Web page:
2. “A strange feller has been asking around town about where the Ziggurat might be. I say that place is just a rumour to fleece tourists. He’s gonna come up empty-handed and be poorer for it. When he asked me, though, he said something interesting. He said….Redeye is supposed to be buried there!”
  3. “My black eye? Yeah, I’ve got a score to settle now with the Watersellers. They hired muscle. Call themselves the Red Cloaks. And they think they’re real tough.”
  4. “Buy me a pitcher of Grog’s best ale and I’ll tell ya somethin’ I heard about that artefact yer lookin’ fer. Why thank ye. Well, what I heard was somethin’ it does. A big power. Real big. Somethin’ called True Sight. You know what that is?”

I prefer not to write my rumours out. Instead, I like to add a word or two of detail to help me improv. You might find this approach better.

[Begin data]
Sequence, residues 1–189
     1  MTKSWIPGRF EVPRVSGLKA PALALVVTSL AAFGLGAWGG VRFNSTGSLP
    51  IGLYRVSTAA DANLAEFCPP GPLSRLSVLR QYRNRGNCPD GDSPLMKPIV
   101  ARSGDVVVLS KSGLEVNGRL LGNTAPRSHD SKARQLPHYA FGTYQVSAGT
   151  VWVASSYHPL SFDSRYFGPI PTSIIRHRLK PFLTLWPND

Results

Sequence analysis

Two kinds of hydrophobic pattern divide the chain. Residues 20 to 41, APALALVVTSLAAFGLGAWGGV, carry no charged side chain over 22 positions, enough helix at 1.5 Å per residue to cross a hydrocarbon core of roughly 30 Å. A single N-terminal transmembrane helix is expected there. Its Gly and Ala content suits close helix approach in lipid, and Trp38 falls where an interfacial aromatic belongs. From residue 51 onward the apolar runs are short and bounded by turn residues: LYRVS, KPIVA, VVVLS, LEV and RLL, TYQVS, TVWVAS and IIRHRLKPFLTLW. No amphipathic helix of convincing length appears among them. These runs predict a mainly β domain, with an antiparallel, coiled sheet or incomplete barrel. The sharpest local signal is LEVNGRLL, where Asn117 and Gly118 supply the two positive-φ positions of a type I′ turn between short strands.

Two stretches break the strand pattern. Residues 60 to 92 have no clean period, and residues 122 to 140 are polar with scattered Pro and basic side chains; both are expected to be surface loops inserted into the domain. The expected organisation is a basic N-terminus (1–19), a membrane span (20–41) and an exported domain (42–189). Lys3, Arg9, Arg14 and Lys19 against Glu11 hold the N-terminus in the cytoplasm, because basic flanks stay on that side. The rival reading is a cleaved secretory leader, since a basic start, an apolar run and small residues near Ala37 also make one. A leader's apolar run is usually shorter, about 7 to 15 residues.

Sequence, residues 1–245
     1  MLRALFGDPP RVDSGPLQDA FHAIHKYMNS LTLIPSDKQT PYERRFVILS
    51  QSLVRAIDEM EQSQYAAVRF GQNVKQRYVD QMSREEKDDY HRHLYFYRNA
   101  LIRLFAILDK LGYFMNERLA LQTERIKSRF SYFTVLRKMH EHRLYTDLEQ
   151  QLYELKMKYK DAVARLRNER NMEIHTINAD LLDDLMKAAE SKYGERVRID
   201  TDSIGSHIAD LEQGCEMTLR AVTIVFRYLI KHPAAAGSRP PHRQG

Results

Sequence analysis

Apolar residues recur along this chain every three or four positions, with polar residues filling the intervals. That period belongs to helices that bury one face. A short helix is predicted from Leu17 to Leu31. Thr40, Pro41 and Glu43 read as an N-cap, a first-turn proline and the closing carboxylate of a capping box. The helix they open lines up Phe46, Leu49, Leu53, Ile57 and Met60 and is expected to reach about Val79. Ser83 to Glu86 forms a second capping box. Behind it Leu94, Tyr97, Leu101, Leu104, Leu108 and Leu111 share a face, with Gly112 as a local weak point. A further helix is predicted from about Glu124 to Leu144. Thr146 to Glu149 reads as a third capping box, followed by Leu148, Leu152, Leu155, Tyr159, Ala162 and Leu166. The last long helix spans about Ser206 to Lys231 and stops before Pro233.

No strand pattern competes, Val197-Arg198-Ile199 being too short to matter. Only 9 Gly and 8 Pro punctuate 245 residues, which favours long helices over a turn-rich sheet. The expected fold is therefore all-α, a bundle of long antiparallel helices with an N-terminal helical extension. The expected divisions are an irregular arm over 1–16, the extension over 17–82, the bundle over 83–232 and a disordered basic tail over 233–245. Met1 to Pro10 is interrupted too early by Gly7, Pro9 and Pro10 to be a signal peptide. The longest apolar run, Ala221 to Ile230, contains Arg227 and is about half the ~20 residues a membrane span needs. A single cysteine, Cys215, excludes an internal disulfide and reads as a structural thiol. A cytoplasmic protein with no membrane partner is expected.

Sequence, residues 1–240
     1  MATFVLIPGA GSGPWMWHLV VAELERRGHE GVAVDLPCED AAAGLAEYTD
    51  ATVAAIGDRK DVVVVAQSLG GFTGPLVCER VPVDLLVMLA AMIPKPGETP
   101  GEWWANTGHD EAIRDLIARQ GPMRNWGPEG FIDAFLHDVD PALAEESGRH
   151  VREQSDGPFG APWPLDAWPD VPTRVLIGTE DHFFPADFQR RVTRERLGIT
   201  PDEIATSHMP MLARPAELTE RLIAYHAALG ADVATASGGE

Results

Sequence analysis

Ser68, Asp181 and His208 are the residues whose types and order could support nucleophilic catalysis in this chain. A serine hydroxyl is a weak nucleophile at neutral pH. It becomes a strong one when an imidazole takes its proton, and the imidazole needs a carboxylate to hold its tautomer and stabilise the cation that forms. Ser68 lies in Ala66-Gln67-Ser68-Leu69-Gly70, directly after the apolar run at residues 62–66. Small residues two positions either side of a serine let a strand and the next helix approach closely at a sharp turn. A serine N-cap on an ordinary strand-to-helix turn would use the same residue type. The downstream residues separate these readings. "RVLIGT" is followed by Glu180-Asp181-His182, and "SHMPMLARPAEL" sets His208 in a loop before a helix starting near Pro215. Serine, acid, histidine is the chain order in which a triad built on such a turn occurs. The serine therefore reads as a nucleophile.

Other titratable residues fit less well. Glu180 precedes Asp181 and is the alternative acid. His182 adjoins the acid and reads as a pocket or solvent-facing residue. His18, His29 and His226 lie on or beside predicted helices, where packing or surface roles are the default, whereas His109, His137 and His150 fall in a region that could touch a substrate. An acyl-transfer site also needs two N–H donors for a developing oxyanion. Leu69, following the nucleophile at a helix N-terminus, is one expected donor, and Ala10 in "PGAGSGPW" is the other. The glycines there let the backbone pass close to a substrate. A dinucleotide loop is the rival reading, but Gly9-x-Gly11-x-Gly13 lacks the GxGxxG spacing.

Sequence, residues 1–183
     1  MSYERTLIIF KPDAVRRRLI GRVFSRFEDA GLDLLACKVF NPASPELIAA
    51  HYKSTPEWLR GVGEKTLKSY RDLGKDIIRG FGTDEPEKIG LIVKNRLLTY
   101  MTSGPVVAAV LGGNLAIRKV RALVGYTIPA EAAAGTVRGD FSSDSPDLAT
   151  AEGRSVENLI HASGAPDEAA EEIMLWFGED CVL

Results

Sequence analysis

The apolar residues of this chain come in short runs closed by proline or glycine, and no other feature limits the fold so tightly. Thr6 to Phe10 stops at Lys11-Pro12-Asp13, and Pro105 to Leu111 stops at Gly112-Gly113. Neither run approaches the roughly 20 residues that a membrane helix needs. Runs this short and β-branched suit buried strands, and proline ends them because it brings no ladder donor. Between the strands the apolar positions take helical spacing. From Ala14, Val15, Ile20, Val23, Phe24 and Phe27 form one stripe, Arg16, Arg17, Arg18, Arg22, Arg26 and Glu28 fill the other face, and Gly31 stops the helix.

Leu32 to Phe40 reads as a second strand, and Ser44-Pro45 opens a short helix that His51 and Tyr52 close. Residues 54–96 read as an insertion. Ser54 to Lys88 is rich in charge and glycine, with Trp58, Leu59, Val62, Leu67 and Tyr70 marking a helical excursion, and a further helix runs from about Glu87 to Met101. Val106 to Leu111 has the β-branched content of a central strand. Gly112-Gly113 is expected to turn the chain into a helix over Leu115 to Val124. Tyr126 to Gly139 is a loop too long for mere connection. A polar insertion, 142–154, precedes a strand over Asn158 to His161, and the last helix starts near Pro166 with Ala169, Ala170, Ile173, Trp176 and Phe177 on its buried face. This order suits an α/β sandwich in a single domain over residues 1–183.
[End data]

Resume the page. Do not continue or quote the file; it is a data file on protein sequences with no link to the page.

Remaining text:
For example:

  1. Janus — Threat — Watersellers (Janus debt, hiding)
  2. The Ziggurat — Mystery — Redeye (buried)
  3. The Watersellers — Challenge — Red Cloaks (new thugs)
  4. Redeye — Reward — True Sight

The first three have enough keywords for me to roleplay with. With the fourth rumour I don’t need any extra direction, it’s clear to me what it’s about.

From context added via your campaign, I suspect you’ll find adding keywords is better than writing out read-aloud text blocks. It’s definitely faster.

Deciding What Rumours to Create

We want to be strategic with what we put in our rumours table.